Slow Clap have really made a splash this festival and it's so easy to see why. Their terrifically imaginative show Truth features a wildly schizophrenic masterclass in physical comedy. The audience ought to strap themselves in for a thrilling experience, the show engrossing at every turn.
Though Truth is not strictly a solo venture, Vachel Spirason is nevertheless the undisputed face of the production, taking centrestage as a storyteller with a showcase of alter-egos. The show kicks into gear when Spirason expounds upon a mysterious chance meeting, one with seemingly maddening repercussions. Unfortunately, not too much more can be revealed without compromising Truth's mindbending plot, suffice to say that Spirason slips in and out of personas, gradually pushing Truth into murkier and murkier territory.
Truth's characters - ranging from an aggressive Russian chess-fanatic to a big-time ice-skater - define the production. Directed by the behind-the-curtain antics of Stephanie Brotchie, Spirason assumes each role with stunning ease, emerging a truly gifted comic performer. His forte is, unquestionably, physical comedy. The stick-thin performer indulges in segments of hilariously elastic, flamboyant gestures, ever the entertaining jester. Spirason is a comic hybrid of Paul Foot, Frank Woodley and Shaun Micallef, his charisma delectable.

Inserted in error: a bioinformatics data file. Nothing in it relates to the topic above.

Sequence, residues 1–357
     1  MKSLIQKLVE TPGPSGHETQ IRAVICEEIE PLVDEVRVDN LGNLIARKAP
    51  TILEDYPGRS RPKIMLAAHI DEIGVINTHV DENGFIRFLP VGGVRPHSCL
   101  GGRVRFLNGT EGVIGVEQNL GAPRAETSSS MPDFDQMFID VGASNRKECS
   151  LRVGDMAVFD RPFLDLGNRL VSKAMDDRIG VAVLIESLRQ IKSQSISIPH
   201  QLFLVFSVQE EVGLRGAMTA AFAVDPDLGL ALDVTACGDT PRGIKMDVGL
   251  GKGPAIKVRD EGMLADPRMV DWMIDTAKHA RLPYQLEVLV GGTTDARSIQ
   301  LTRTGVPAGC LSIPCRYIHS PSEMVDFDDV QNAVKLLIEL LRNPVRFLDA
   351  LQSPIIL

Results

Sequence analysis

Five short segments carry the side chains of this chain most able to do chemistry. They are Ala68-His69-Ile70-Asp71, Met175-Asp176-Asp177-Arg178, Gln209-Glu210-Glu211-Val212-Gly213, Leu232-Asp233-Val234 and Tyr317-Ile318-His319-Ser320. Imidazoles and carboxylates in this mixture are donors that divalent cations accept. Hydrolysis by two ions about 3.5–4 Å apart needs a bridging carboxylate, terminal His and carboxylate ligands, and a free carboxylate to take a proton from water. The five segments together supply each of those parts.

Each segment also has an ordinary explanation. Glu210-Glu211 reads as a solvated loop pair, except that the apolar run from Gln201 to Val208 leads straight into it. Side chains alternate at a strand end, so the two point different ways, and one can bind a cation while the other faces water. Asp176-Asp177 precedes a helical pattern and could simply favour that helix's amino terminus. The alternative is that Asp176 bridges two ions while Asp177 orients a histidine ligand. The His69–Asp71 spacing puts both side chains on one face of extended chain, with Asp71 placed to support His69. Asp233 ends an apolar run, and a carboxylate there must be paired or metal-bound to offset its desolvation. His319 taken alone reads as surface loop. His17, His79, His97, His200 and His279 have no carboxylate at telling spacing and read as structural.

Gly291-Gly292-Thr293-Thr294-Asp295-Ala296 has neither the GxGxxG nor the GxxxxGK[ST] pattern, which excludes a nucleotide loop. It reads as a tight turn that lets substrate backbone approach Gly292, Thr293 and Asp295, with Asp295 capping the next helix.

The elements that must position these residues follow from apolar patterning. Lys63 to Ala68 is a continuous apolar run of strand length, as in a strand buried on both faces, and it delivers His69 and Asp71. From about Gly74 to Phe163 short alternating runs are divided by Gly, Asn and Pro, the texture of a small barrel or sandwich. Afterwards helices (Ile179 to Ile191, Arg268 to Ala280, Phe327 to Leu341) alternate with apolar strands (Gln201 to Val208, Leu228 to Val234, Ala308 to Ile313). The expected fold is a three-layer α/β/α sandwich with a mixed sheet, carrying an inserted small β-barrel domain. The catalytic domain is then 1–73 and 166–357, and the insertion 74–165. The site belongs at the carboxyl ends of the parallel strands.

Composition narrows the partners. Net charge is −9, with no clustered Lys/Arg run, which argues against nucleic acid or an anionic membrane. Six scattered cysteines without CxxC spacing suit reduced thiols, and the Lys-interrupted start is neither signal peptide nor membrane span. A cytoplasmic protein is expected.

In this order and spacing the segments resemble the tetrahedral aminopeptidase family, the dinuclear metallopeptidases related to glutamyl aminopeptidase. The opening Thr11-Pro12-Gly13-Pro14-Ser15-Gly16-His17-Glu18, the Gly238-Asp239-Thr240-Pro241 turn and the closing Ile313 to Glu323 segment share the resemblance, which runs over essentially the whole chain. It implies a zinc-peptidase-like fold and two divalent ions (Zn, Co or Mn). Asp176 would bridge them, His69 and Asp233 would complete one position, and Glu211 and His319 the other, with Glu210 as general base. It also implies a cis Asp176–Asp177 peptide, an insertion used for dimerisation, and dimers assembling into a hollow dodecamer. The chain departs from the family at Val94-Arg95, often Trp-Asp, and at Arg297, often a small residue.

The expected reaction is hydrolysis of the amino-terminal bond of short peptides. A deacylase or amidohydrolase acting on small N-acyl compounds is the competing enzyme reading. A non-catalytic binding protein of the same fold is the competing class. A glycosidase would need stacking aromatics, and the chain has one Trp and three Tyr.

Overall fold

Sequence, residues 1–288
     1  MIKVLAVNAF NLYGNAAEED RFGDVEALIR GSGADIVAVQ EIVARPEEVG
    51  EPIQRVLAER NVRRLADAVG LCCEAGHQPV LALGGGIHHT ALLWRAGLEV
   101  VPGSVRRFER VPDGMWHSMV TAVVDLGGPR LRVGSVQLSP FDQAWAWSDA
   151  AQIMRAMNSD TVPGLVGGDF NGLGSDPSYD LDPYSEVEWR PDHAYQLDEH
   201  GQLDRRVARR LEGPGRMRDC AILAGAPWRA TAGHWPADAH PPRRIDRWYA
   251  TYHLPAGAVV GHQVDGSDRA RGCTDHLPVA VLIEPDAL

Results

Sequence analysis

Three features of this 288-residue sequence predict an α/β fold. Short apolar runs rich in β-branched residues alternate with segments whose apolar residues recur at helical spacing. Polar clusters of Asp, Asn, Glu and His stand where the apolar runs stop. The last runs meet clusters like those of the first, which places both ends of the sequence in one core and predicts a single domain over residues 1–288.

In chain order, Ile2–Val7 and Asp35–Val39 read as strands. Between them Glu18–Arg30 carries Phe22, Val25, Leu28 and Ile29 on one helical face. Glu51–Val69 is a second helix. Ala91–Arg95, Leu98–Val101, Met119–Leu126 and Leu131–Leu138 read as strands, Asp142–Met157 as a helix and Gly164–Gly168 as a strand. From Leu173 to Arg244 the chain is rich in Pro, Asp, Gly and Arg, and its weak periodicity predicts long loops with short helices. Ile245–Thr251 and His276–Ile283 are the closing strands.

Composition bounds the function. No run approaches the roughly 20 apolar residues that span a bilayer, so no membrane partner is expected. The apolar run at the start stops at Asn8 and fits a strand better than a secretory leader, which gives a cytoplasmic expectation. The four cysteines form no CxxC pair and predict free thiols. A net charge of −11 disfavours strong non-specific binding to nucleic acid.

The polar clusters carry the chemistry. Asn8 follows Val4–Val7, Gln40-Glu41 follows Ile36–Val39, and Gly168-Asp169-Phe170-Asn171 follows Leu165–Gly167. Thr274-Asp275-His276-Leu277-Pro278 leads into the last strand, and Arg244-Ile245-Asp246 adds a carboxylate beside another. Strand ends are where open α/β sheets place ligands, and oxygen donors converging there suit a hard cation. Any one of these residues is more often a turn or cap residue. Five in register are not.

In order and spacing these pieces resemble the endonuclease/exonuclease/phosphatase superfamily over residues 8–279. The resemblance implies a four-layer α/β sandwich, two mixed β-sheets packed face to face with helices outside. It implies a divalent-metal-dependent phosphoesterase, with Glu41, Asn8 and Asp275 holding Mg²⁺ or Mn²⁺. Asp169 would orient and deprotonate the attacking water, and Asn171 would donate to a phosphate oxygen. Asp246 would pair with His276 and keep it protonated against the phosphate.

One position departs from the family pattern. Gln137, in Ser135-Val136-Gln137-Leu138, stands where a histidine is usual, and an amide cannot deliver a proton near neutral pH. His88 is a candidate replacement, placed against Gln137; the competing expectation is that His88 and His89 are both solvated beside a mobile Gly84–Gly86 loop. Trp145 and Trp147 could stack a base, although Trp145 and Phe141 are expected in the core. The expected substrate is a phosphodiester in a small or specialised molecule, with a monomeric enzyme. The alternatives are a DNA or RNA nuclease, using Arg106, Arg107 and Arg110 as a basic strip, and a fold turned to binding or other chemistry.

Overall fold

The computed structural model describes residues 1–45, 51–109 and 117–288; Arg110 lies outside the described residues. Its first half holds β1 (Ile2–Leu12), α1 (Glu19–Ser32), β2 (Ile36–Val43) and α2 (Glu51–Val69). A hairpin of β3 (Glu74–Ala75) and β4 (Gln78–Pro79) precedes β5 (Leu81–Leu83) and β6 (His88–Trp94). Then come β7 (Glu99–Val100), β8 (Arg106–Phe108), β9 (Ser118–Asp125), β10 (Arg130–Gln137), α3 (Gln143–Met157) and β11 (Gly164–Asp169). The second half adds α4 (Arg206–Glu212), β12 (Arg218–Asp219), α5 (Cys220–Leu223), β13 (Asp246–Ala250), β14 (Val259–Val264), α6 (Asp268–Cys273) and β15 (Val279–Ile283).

Putting the laughs to one side for a moment, Slow Clap must also be commended for their show's story. Truth brews a strange, sinister kind of a tension, juxtaposed perfectly with Spirason's comedy. You gradually find yourself in Spirason's shoes, slightly unhinged and as much at the mercy of the mystery at hand. Aptly enough, you're dying to know the truth behind all that's unfolding. It's all very unnerving and yet it's utterly brilliant, in that, despite there existing such a tense climate, Truth's comedy is never once compromised.
Funny, compelling, highly imaginative and executed to a tee, Slow Clap's Truth is remarkable.